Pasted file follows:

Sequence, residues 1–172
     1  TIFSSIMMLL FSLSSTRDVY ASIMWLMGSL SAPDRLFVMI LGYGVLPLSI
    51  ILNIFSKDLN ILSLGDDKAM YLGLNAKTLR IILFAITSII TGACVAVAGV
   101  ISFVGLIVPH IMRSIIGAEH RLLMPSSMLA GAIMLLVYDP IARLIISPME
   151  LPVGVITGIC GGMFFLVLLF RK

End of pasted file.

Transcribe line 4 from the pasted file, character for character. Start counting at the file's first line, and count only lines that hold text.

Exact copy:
   101  ISFVGLIVPH IMRSIIGAEH RLLMPSSMLA GAIMLLVYDP IARLIISPME